There are two art shows over the next two weekends full of work by people you may know. Between a collection from students in nearby schools and a group exhibition of longtime Vermont artists, it’s an easy way to see some great museums, the muse in many forms and some artistic visions of the beautiful area we call home.

Students of Slate Valley

The 30-mile radius that straddles the Vermont-New York border encompasses the slate vein. The segment from Salem, New York, to Castleton is known as Slate Valley, and if you didn’t know we were part of it, neither did I until recently.

Last week, I took a ride over to Granville, New York, to see some high school students working on art pieces for the upcoming “Artists of the Slate Valley” student art show hosted by the Slate Valley Museum.

It’s a nice ride over, just down Route 30. I walked into a classroom of about a dozen students seated at round tables, quietly working on pieces for the show, which centers on work inspired by slate and living in the region. An opening reception will be held from 7 to 9 p.m. Friday, Feb. 1, and the show will run until Feb. 28 at Slate Valley Museum at 17 Water St.

“As of today we have (11) schools,” said Krista Rupe, executive director of Slate Valley Museum.

In Vermont, those include Poultney High School, Poultney Elementary School, Burr and Burton Academy, Castleton Elementary School and Middletown Springs Elementary School.

“It’s been a great collaboration with the community schools,” Rupe said. “It’s important to provide students with a place to put their art on the walls and have a proper opening.”

Including so many schools meant all kinds of interpretations. Middletown Springs students visited cemeteries and made murals inspired by slate tombstones. Several Granville students were painting right on pieces of slate.

Torrey Amaral, 17, had a piece the size of a hardcover book, flush with fresh paint depicting a colorful sky and snow-covered mountain.

“I called it ‘Sunrise Over Slate Valley,’” Amaral said. “The sky is my favorite color.”

Next to her, senior Nicholas Andrus’ slate was blank.

“I’m still in the process,” Andrus said, and pulled out a phone with photos of friends jumping into the Dorset Quarry. “My friends and I travel to cliff jumping spots over the summer and I took photos. I’m going to put a collage of them on here and then put a clear coat over it.”

He credits his art teacher, Mikenzie Monroe, for getting him interested in art.

“The art teachers throughout the community are very talented,” Rupe said. “I’ve taught at museums, family programs at the Met and the Guggenheim. I have a real passion for it, and that’s why I started this show four years ago.”

Hours: 1 to 5 p.m. Tuesday-Friday, 10 a.m. to 4 p.m. Saturday; admission is $5 (12 and younger free); call 518-642-1417, or go online to

EMMA at the Chaffee

“It’s easy to depend on a muse or inspiration to have motivation to produce artwork,” artist Christine Holzschuh said, sitting in a downstairs room at the Chaffee Art Center last week. “Well, the truth is that like any other occupation, you have to do it even when you don’t feel like it. And because you’re working by yourself, you have to come up with your own set of parameters of how you’re going to do what you’re going to do.”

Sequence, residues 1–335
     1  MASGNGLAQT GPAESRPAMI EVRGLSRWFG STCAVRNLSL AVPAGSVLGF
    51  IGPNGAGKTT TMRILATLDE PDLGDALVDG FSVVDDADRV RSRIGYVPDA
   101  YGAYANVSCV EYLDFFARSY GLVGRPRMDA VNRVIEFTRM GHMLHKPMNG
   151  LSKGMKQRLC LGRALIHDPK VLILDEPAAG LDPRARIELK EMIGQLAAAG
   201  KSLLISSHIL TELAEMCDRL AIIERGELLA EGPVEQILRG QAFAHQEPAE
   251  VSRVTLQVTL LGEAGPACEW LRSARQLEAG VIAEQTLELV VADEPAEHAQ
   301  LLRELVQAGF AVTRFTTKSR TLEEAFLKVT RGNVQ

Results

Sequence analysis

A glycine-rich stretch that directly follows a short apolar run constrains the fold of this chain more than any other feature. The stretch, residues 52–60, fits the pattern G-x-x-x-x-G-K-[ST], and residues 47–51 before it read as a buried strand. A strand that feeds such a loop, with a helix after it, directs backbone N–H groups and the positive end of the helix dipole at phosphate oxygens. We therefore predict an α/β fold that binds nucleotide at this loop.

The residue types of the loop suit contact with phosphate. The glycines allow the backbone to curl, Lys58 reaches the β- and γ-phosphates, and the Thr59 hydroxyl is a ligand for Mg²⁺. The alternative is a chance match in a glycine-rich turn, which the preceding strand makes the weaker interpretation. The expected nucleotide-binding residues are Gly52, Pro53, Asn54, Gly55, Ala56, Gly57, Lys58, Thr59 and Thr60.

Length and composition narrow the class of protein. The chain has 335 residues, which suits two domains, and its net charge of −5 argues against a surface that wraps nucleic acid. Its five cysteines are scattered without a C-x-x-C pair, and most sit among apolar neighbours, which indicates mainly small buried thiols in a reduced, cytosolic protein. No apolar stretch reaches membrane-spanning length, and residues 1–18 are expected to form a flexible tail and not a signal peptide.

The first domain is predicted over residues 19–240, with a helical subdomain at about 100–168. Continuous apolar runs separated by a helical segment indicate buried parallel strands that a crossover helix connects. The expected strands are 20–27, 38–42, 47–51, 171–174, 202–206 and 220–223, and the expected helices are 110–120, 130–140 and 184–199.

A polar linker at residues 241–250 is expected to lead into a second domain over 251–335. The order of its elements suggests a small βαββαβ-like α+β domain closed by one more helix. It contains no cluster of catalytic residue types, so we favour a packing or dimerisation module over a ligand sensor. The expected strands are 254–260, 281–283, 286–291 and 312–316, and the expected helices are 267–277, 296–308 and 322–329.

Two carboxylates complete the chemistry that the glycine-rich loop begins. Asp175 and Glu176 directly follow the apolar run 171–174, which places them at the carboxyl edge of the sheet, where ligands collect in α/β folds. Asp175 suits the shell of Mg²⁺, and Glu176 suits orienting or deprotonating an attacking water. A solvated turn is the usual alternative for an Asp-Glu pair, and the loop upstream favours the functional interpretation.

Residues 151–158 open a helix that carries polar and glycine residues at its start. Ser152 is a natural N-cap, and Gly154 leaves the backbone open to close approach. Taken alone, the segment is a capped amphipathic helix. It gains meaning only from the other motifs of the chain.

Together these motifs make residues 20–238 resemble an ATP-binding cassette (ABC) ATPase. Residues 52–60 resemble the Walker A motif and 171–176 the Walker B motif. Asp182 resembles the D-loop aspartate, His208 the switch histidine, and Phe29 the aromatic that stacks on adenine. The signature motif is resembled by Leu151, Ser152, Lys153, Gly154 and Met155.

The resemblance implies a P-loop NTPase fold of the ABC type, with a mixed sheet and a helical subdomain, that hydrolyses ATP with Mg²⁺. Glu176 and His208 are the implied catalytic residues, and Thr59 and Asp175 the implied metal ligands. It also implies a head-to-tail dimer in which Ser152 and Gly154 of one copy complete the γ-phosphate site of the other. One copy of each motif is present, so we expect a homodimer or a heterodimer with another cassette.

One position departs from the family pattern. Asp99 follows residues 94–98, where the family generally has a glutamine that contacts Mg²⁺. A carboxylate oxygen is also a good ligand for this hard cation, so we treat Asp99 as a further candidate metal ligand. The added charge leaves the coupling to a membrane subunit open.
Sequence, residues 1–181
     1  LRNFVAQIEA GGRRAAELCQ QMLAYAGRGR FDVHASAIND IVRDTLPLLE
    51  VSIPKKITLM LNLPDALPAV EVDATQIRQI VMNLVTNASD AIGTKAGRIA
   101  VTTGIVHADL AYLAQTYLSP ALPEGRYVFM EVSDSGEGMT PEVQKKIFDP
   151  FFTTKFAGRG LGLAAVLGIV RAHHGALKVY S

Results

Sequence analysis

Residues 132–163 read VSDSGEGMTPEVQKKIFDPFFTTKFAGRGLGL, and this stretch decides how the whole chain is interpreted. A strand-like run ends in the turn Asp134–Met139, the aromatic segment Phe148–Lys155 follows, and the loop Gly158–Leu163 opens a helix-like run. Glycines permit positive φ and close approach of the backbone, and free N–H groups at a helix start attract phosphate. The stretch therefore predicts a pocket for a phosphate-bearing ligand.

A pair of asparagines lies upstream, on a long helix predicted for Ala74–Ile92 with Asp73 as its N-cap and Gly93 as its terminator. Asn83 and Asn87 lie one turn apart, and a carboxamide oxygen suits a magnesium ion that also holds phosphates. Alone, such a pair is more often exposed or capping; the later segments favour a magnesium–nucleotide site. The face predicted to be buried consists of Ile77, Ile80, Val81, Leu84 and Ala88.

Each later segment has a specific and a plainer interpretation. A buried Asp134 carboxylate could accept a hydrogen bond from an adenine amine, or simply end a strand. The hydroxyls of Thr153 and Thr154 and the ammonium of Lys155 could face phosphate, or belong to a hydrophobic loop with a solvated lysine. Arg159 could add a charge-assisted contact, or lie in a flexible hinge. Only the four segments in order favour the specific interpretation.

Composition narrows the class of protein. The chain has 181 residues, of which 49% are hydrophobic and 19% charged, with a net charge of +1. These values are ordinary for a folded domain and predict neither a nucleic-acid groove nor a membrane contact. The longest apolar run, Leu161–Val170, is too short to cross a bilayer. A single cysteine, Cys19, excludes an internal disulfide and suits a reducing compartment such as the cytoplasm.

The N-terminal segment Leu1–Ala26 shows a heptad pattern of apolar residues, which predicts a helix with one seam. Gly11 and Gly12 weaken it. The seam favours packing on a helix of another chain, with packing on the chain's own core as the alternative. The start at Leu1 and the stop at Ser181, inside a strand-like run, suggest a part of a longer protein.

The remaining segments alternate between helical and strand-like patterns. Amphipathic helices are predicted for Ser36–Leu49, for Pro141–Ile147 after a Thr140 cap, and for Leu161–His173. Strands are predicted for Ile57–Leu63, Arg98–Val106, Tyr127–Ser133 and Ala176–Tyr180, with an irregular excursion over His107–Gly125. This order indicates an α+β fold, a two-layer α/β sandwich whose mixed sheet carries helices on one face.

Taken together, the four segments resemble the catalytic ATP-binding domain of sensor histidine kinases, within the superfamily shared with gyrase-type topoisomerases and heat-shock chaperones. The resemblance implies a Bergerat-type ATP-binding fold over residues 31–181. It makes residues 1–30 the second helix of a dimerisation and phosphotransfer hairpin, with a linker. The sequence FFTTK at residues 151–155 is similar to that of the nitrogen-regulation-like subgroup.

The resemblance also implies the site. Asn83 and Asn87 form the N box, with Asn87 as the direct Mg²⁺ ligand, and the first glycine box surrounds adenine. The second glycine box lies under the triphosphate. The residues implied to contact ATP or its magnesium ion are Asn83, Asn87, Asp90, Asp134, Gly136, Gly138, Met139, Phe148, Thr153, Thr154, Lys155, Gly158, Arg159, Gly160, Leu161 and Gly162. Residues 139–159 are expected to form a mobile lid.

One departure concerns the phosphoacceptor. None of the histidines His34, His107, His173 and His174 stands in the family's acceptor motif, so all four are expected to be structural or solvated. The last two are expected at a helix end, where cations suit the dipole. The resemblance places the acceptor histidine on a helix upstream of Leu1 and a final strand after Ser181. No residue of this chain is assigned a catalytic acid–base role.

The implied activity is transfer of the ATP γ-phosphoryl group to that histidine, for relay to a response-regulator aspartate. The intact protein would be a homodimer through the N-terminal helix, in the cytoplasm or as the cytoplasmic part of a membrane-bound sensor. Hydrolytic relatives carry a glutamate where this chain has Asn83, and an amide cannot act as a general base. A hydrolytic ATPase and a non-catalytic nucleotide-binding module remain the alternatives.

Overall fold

Holzschuh started the Rutland area artists group East Mountain Mentoring Artists (EMMA) several years ago. She asked a dozen or so artist friends to meet regularly at her home in East Mountain to support each other and the art community at large, in part because of the statement above.

“I turn on music, lay out my palette,” she said. “And I decide before I get there what it is I’m going to paint. If you don’t set up that kind of structure for yourself it’s easy to be lost about how to get started.”

Eight of the 10 current members of EMMA are presenting new work in a show at the Chaffee, 16 S. Main St. in Rutland, called “Winter Wonderland,” which opens Friday, Jan. 25 with a reception from 5 to 8 p.m.

“These artists continue to produce new artwork; they figured out how to do that,” Holzschuh said. “There’s a lot of really good artists that struggle with that.”

The downstairs rooms at the museum will house the EMMA artists’ work, which includes watercolor, acrylic, wood, oil paintings, sculptures, ceramics, pastels, colored pencils and chalk.

“We have a lot of different types of artists,” Holzschuh said, adding that each medium and style presents an idea in its own way.

“A painting tells a different story than a photo,” she said. “A photo can be a jumping off point. Seeing artwork does something really special to the viewer; it’ll feed you something. If you spend a little time (with) pieces that appeal to you, it will change you.”

Hours are: noon to 5 p.m. Thursday-Friday; 11 a.m. to 3 p.m. Saturday; call 802-775-0356, or go online to

You must be logged in to react.
Click any reaction to login.

(0) comments

Welcome to the discussion.

Keep it Clean. Please avoid obscene, vulgar, lewd, racist or sexually-oriented language.
Don't Threaten. Threats of harming another person will not be tolerated.
Be Truthful. Don't knowingly lie about anyone or anything.
Be Nice. No racism, sexism or any sort of -ism that is degrading to another person.
Be Proactive. Use the 'Report' link on each comment to let us know of abusive posts.
Share with Us. We'd love to hear eyewitness accounts, the history behind an article.